It is also possible that different capture methods and timing contributed to observed differences between birds sampled at Johnson’s Mills and Petit Cap. Lower TRIG values at Johnson’s Mills could be consistent with birds that were roosting, not foraging as they were at Petit Cap, because they had time to deposit free-flowing triglycerides as fat, lowering the amount measurable by our method. However, we found no evidence in adults and only limited evidence in juveniles of a decline in TRIG levels with increasing roosting time (Supplementary Figure 2 and Supplementary Table 1). Therefore, it is unlikely that this would explain the difference between sites. BOHB was also unrelated to roosting time (Supplementary Figure 3 and Supplementary Table 2), so methodological differences are likely not relevant to this result either. Further, in an effort to assess possible effects of time of day on results, we compared birds captured during evening vs. night at Petit Cap and again found only limited evidence of effects (Supplementary Figure 4 and Supplementary Table 3). This is not surprising, as Semipalmated Sandpipers are known to feed actively during day and night in Atlantic Canada (Ouellette, 2021).

Regardless of the precise mechanism, the elevated TRIG values relative to other studies conducted outside the migration period (e.g., Lyons et al., 2008; Linhart et al., 2022) suggest that Semipalmated Sandpipers are able to gain weight efficiently at both Bay of Fundy and Northumberland Strait sites using a diverse range of prey items, reflective of the opportunistic foraging noted for the species elsewhere in Atlantic Canada (MacDonald et al., 2012). The potentially higher fattening rates observed on the Northumberland Strait may also contribute to shorter lengths of stay recorded for birds using sites outside the Bay (Linhart et al., in press).

Consistent with most other studies on Semipalmated Sandpipers (Lyons et al., 2005, 2008; Henkel and Taylor, 2015), we found no evidence of differences in TRIG levels among ages. However, in our study juveniles had BOHB concentrations 27–36% higher than adults. This result is also consistent with other studies investigating plasma metabolites in adult and juvenile sandpipers (Guglielmo et al., 2002; Lyons et al., 2008; Thomas and Swanson, 2013), and could suggest juveniles may be prone to more fasting or higher energy expenditures than adults. Juvenile sandpipers tended to explore more staging sites than adults (Linhart et al., in press), which exhibit strong regional fidelity (Neima et al., 2020). These additional movements may cause them to burn fat throughout their staging period, generating elevated BOHB levels. It is also possible the additional movements and diet choices of juveniles have compounding effects, leading to the higher BOHB levels we detected. Finally, due to their later arrival in the region juveniles may also be exposed to higher predation risk from migrating raptors, as seen in other species (Tringa glareola; Wichmann et al., 2004). Predator presence, largely attributable to the return of nesting Peregrine Falcons (Falco peregrinus) in the region, has been shown to affect sandpiper movement and habitat use (Sprague et al., 2008; Dekker et al., 2011), resulting in more energy expended in over ocean flocking during periods when they should be roosting (Dekker et al., 2011).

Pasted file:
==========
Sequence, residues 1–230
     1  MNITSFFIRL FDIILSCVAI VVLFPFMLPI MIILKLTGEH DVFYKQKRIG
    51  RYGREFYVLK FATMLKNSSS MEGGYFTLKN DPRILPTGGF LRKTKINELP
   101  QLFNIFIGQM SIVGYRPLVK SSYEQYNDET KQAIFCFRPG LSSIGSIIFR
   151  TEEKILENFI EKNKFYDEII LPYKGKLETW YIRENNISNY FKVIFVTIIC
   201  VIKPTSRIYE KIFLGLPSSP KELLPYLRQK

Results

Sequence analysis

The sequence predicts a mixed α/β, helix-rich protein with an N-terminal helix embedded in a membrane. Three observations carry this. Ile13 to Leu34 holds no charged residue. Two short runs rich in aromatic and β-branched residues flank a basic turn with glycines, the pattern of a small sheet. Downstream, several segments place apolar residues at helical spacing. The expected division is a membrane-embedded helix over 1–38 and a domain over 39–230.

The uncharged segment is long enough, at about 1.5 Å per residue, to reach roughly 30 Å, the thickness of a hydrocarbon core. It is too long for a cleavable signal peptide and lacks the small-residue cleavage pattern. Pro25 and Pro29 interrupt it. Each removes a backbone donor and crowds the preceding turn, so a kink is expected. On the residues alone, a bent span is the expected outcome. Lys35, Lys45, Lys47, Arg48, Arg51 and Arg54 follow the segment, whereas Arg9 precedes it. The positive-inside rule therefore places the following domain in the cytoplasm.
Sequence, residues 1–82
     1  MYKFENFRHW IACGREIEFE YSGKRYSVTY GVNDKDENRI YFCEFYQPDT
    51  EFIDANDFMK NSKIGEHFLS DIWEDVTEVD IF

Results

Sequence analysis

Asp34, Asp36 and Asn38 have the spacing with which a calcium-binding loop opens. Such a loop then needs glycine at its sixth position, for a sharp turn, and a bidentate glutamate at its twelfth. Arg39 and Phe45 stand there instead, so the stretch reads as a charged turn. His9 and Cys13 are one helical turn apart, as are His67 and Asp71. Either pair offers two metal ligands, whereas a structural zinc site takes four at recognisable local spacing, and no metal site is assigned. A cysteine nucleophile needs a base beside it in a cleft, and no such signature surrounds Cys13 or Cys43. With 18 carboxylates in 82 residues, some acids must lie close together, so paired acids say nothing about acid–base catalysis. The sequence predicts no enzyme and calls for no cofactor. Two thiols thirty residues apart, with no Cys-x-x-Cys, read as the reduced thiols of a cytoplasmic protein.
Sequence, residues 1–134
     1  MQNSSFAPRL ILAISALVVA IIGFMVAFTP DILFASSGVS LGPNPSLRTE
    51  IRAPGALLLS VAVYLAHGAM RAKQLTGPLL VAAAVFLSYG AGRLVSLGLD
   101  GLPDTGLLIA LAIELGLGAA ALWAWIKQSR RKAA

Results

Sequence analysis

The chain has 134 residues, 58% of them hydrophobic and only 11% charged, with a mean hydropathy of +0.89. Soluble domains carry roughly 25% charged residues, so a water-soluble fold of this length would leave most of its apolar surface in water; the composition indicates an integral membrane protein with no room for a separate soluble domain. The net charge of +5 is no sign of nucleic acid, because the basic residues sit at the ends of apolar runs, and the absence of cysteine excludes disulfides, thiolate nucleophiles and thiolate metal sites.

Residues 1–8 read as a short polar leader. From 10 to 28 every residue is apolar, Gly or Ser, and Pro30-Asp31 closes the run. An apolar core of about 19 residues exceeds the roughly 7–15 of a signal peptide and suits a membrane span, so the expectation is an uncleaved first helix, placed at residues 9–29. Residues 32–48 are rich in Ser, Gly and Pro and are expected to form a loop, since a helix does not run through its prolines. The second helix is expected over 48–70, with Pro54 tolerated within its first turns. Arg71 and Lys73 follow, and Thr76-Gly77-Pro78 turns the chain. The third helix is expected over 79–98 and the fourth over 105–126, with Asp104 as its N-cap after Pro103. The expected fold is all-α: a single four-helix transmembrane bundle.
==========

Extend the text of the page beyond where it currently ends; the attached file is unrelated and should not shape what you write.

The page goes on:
Among birds tagged at Petit Cap, those with lower TRIG levels were more likely to move into the Bay of Fundy, remaining there until they resumed their migration. Although there was no statistical interaction with age, this result was primarily driven by adults, with little evidence in juveniles, probably because juveniles in general were less likely to move into the Bay of Fundy (Linhart et al., in press). It is possible that sandpipers that were gaining weight less efficiently (as shown by lower TRIG levels) on the Northumberland Strait chose to move into the food-dense Bay of Fundy. Alternatively, this result could be an artifact of capture timing relative to migration strategy. Theoretically, some birds could have been captured during a brief stop on the Northumberland Strait while en route to the Bay of Fundy, and therefore may not have begun trying to refuel. However, if this was true we should have seen more tagged sandpipers moving into the Bay earlier in the season, when the bulk of arrivals would have happened. Linhart et al. (in press) found no evidence of this, and there was no effect of day of year in our analysis. Further, the Strait and Bay are only 40–50 km apart, making such intermediate stops unlikely. We therefore suggest that birds may be making decisions about whether to move based on success in refueling. Lyons et al. (2008) compared TRIG and BOHB values between sites at different migratory stages and found substantial differences in both metabolites, but they did not include movement between regions in their study. To our knowledge, our study is the first to detect a relationship between fattening rates, as measured by plasma triglycerides, and habitat selection decisions by individual shorebirds. Although this relationship needs additional study, it suggests that individual Semipalmated Sandpipers may vary in their ability to gain weight efficiently in particular habitats, and those that cannot refuel adequately may recognize this and adjust their habitat use.